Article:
Chiller for bimaculoides?

abdopus147

Blue Ring
Registered
Joined
Feb 26, 2012
Messages
42
Reaction score
2
Hi, I am new to keeping an octopus and recently acquired an octopus bimaculiodes found in a local lagoon. I am currently keeping it in a 55 gallon mature (3 months old) tank and I live Southern California. My question is should I use a chiller? If so, what is a good brand for my needs and where can I get one? Thank you!
 

DWhatley

Kraken
Staff member
Moderator
Joined
Sep 4, 2006
Messages
20,536
Reaction score
1,755
Location
Gainesville, GA
The tank needs never to exceed 72F and keeping it below that will extend its life (or allow a more natural lifespan). Achieving this temp range usually requires a chiller. Diego's tank chiller is set to 68F and the tank is usually about 70F (I have an open sump so there is cooling loss). As a regular bimac keeper Joe-Ceph has written numerous care recommendations and you might look at some of his posts (link to profile on his name) or PM him directly if he does not reply soon. Diego has had life threatening problems with his eyes (or something related to his eyes) and no longer has a sense of up and down but he continues to eat and be active after lights out. I don't believe this has to do with the higher than desireable but within range temperate of his tank but the warmer water may have allowed whatever caused the problem to be more of a problem than in 65 F water. I will attemp another Bimac after he dies with the same tank and hope I don't see the same symptoms but wanted to add the cautionary note.
 

Nancy

Titanites
Staff member
Moderator
Joined
Nov 20, 2002
Messages
5,732
Reaction score
135
Location
Dallas Texas
Back in the earlier days of Tonmo, we were able to buy bimacs from a breeder who was only in business a few years. We had a number of people keeping bimacs, and were just beginning our research on the best conditions for keeping this species. So many bimacs were kept in tanks with water in the low seventies, without a chiller. The ideal temperature seems to be 68-69 degrees, as D said. However, in the wild, they may experience much higher temperatures for short periods, for instance when they are caught in a small tidepool during the day.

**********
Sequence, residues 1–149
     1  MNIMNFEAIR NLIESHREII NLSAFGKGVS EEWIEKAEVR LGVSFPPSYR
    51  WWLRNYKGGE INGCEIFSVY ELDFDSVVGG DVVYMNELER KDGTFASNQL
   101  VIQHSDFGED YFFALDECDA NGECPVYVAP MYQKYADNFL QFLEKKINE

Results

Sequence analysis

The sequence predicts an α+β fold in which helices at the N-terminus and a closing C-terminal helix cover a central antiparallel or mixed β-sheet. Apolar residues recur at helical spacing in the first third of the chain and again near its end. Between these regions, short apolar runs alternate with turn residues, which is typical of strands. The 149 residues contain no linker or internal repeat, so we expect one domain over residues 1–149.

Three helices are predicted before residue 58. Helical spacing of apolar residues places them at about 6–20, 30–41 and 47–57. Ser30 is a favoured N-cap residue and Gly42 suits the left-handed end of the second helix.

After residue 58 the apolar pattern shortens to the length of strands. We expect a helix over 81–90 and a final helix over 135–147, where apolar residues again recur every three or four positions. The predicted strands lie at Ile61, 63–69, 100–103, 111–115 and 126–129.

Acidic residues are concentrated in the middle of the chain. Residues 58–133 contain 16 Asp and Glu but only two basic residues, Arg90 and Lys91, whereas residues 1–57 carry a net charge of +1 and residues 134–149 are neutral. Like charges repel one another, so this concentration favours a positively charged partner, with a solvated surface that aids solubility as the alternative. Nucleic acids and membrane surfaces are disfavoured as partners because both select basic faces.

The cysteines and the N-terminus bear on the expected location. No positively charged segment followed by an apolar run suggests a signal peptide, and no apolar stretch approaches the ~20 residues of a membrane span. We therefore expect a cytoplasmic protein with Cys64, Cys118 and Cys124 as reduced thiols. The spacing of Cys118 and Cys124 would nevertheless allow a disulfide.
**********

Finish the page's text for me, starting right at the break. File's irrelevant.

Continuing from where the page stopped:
Nancy
 

Neogonodactylus

Haliphron Atlanticus
Staff member
Moderator
Joined
Mar 17, 2003
Messages
662
Reaction score
192
But Nancy, they may experience occasional higher temperatures in tidepools and shallow coves, but that is only a small proportion of the population. Subtidal individuals will rarely experience any temperatures above 70-72. Furthermore, during the winter and early spring, bimacs will be in the 60-64 range. I keep my bimacs at a constant 60 F and several have lived for 2 to 2.5 years.

Roy
 

Nancy

Titanites
Staff member
Moderator
Joined
Nov 20, 2002
Messages
5,732
Reaction score
135
Location
Dallas Texas
Good point, Roy. maybe I wasn't very clear with what I was trying to say. Yes, we should keep our bimacs at lower temperatures. But if one day the tank is 74 or 75 degrees ( power outage, for instance), your bimac won't die.

Congratulations on reaching two years with your bimacs. The bimac at Dana Point, which was kept in the same conditions found in the area off Dana Point where it was captured, was our previous record holder. I'd have to look it up - I think a couple of their bimacs had exceeded 2 1/2years.

Nancy
 

Joe-Ceph

Haliphron Atlanticus
Supporter
Joined
Sep 25, 2006
Messages
561
Reaction score
22
I'm with Roy. I recommend a chiller, and a temp of about 62. The natural surface temp where I catch bimacs is between 57 (Feb) and 68 (Aug). I feed only every three or four days, and my last bimac lived to be over two years old.

Other reasons for a chiller are that it enables you to keep other animals, that you can catch yourself, that aren't as tolerant of warm water as a bimac (like strawberry anemone (corynactis) and Gorgonians), and it slows down all the metabolic processes in your tank, so you can feed less often, and do water changes less often. You also get very little evaporation, and so rarely need to top off the tank.

I'm a huge fan of JBJ Arctica chillers. I've run a 1/4 hp JBJ Arctica chiller almost continuously for four years. I found it used on Craigslist for between $300 and $400 (I forget).

You can keep electricity costs down by using lights and pumps (external) that add little or no heat, and by insulating the bottom, back (at least) of your tank. Also, an acrylic tank will reduce or eliminate sweating (condensation) a bit better than a glass tank. I'm extra frugal, so I insulated three sides of my tank (recommended), and double-paned the other three (only recommended if you like a DIY challenge)

 

Attachments

Joe-Ceph

Haliphron Atlanticus
Supporter
Joined
Sep 25, 2006
Messages
561
Reaction score
22
I could add that another reason I like JBJ Arctica chillers is that they are very quiet.
 

Forum statistics

Threads
19,704
Messages
203,582
Members
8,769
Latest member
Elleyyyy

Monty Awards

TONMOCON IV (2011): Terri
TONMOCON V (2013): Jean
TONMOCON VI (2015): Taollan
TONMOCON VII (2018): ekocak

About the Monty Awards
Top